By Shawn McQueen, Mentor for the Two-Brain Group Coaching Course
I used to have this mentality that I wanted to help, serve and coach everyone and I believed I could do that in group fitness classes. The truth is I hadn’t yet identified who group fitness classes are truly for and who they are not for and who my target audience was. What’s beautiful about group fitness classes is the diversity of people, ages, abilities, sexes and backgrounds and the realization that none of that matters in the class! The culture created is one of cohesion, a shared experience of betterment, and the unification of propelled momentum towards continued progress.
And what’s universal is effort.
And effort equals respect.
While this is all noteworthy, still group classes are not for some people.
So who are group fitness classes really for?
Group Classes are For:
Individuals with the intention of learning and growing every single day regardless of experience level or the years they’ve been coming.
Here are some more details on how that manifests:
- They have respect for their peers, coaches, equipment and the policies [ie: be on time.] They are someone who sees the bigger picture; the culture being created, the systems in place for an exceptional experience, treating the gym and the things in it like it was their own.
- They are consistent in showing up with coming to class, week to week, month to month. And consistent with who they are within class. This is self-discipline: you shouldn’t need to be chased down to get to class.
- They are always open and receptive to feedback (aka coachable) regardless of movement, skill, experience etc [always a student.] They have the mentality that there is ALWAYS room to improve, no matter the margin and know that feedback is delivered with the best intentions.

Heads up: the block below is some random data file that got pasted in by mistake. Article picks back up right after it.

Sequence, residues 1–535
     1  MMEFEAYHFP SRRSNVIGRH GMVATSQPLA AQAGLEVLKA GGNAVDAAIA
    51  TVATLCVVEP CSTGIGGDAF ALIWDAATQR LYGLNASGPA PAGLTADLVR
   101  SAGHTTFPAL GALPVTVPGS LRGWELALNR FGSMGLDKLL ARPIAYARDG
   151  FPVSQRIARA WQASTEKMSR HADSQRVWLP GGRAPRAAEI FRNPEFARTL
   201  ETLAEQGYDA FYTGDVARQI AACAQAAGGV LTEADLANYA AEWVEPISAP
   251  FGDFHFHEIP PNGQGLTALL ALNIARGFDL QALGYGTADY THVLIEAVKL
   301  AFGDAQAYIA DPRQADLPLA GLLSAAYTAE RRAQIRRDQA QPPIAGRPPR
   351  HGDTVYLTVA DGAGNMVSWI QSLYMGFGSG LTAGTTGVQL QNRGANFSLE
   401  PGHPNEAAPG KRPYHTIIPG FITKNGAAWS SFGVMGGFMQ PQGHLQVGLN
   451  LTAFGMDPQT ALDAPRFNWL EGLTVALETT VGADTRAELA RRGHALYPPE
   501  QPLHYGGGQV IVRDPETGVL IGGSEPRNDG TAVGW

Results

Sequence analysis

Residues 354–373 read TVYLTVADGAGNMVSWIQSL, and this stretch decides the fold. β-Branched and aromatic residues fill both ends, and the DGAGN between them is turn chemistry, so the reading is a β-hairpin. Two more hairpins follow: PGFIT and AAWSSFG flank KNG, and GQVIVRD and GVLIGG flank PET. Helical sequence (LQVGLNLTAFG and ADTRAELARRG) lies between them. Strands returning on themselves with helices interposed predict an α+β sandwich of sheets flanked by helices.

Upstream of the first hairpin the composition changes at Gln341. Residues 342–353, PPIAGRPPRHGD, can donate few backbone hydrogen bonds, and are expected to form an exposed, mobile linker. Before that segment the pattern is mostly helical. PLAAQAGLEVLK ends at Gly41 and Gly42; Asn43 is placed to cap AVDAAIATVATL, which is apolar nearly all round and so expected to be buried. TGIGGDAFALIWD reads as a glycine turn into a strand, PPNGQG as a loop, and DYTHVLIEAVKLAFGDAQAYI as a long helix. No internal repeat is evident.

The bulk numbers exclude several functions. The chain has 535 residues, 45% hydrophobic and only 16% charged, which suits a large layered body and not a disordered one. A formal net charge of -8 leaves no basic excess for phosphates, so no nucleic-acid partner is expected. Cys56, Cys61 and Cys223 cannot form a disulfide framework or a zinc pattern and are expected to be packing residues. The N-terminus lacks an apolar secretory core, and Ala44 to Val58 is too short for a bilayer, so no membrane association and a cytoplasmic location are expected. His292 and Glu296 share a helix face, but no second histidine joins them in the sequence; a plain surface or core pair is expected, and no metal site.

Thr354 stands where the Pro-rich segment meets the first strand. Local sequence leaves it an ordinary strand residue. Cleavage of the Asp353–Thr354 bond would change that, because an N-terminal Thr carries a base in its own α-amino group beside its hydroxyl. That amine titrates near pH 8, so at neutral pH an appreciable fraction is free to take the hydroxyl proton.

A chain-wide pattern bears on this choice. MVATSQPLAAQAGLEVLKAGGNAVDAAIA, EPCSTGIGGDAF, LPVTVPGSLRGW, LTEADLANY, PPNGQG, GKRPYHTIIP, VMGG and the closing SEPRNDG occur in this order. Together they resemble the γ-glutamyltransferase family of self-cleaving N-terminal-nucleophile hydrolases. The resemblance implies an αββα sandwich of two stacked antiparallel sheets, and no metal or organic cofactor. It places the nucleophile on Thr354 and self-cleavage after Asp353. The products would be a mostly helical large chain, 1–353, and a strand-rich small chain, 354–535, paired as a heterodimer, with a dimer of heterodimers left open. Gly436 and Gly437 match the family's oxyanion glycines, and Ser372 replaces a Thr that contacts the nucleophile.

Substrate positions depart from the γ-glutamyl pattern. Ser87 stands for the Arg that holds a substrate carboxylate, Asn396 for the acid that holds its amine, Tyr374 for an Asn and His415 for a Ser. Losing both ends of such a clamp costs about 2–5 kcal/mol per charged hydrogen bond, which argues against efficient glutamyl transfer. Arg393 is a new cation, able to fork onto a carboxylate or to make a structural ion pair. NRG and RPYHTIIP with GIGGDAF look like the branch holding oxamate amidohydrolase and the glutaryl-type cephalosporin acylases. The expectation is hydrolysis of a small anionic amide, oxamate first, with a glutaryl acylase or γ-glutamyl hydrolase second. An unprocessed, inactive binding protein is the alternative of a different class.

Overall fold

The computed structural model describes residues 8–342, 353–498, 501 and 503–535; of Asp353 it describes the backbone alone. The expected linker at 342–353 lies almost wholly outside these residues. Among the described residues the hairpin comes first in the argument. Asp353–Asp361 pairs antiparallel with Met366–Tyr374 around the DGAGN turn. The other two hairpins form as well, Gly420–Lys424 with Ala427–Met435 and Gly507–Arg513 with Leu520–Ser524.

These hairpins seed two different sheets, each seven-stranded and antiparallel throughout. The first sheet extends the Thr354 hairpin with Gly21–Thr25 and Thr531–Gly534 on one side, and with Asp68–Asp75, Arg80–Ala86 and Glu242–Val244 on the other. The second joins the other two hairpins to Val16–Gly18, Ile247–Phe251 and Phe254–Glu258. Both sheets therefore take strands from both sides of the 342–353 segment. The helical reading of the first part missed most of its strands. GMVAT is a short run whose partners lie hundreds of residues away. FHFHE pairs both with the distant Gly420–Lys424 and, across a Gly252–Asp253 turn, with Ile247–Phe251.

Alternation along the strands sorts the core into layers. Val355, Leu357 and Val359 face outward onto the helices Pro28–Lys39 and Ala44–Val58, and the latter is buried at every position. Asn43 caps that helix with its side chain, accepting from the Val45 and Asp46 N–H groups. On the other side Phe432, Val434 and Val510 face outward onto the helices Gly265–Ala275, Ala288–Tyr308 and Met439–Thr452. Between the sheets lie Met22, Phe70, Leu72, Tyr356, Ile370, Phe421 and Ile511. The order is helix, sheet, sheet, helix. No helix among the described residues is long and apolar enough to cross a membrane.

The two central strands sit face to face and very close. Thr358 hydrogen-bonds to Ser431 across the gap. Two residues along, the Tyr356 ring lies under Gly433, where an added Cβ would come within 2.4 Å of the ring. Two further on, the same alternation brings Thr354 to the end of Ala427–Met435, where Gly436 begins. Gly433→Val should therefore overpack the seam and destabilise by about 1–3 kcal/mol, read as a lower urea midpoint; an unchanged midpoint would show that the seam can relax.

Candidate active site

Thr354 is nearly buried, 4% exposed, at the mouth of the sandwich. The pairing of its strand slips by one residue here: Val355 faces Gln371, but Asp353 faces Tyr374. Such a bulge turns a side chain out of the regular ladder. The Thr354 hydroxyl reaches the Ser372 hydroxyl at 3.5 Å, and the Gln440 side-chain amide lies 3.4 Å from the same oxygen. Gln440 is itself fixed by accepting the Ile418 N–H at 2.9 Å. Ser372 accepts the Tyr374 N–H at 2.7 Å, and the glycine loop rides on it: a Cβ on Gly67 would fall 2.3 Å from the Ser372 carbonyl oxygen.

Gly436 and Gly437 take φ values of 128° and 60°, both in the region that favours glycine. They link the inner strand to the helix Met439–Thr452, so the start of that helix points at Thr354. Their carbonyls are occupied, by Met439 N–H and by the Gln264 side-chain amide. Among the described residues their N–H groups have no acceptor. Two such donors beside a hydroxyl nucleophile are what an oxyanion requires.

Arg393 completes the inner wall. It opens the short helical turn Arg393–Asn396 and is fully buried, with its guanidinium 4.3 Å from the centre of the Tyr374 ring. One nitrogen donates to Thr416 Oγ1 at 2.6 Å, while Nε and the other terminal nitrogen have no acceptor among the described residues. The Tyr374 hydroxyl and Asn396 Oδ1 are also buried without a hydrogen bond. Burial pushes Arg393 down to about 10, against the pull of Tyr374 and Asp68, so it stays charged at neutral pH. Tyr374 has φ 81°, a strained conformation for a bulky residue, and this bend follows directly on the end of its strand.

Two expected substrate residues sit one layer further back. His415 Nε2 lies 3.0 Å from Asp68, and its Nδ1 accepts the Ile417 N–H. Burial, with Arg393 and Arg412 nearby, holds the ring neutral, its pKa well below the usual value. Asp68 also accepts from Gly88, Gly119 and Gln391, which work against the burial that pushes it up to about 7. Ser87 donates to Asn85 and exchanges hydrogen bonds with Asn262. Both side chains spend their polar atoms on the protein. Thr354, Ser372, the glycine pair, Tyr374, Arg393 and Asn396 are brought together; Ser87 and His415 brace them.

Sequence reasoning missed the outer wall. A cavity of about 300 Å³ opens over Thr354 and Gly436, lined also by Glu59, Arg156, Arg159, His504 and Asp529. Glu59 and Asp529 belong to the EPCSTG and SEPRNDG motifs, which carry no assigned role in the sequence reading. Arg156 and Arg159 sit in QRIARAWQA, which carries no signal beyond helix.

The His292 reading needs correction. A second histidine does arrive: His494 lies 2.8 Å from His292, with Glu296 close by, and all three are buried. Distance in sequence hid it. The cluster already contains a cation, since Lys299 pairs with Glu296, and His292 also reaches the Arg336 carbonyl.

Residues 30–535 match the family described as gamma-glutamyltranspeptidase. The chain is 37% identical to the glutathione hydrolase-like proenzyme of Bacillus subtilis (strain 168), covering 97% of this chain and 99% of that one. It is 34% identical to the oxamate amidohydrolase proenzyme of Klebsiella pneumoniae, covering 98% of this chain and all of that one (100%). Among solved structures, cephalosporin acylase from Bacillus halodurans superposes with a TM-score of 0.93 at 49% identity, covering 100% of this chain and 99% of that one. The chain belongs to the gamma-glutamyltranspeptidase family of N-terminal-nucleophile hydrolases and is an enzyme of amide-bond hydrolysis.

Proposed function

- They make the classes better by simply being in them, whether that’s being kind to others, having great energy, being upbeat or a hard worker who elevates others.
- They don’t possess any severe limitations, injury or chronic pain. Group fitness classes aren’t designed to fix those. You are better in a 1:1 setting where a coach can address your specific issue(s) and create a plan to work on them. Trying to do that during a group class can have negative psychological effect that will derail your joy, enthusiasm or spark for coming, ultimately halting your progress in your health and fitness.
Group Classes are Not For:
Basically the opposite of everything we listed out above. Here are some additional thoughts:
- Those who don’t want to be seen. [example: those who say things like “don’t look at me” or “look away” while performing a movement.] How are we supposed to do our job? We aren’t here to judge you, we are here to keep you safe, improve what you are doing so you can get the most out of it to achieve whatever it is you want to achieve. If you don’t want the coach to do their job, group fitness classes are not for you.
- Those whose VALUES don’t align. For instance: seeking to be competitive, a lack of care for warming up/coaching, thinks more = better, ego driven over movement virtuosity and safety, wants “access” versus coaching, on phone distracted during class, would rather have earbuds in, etc.
Those who read the not for and identified that that’s you, or someone you know, don’t take it personal, it’s just not a right fit and that’s perfectly okay.
We believe everyone should and could benefit from fitness and is it absolutely okay if not everyone is a fit in what we believe group should and needs to be.
And for those who are a fit – keep leading from the front.
In our next post: Where Group fitness goes bad and how to save it.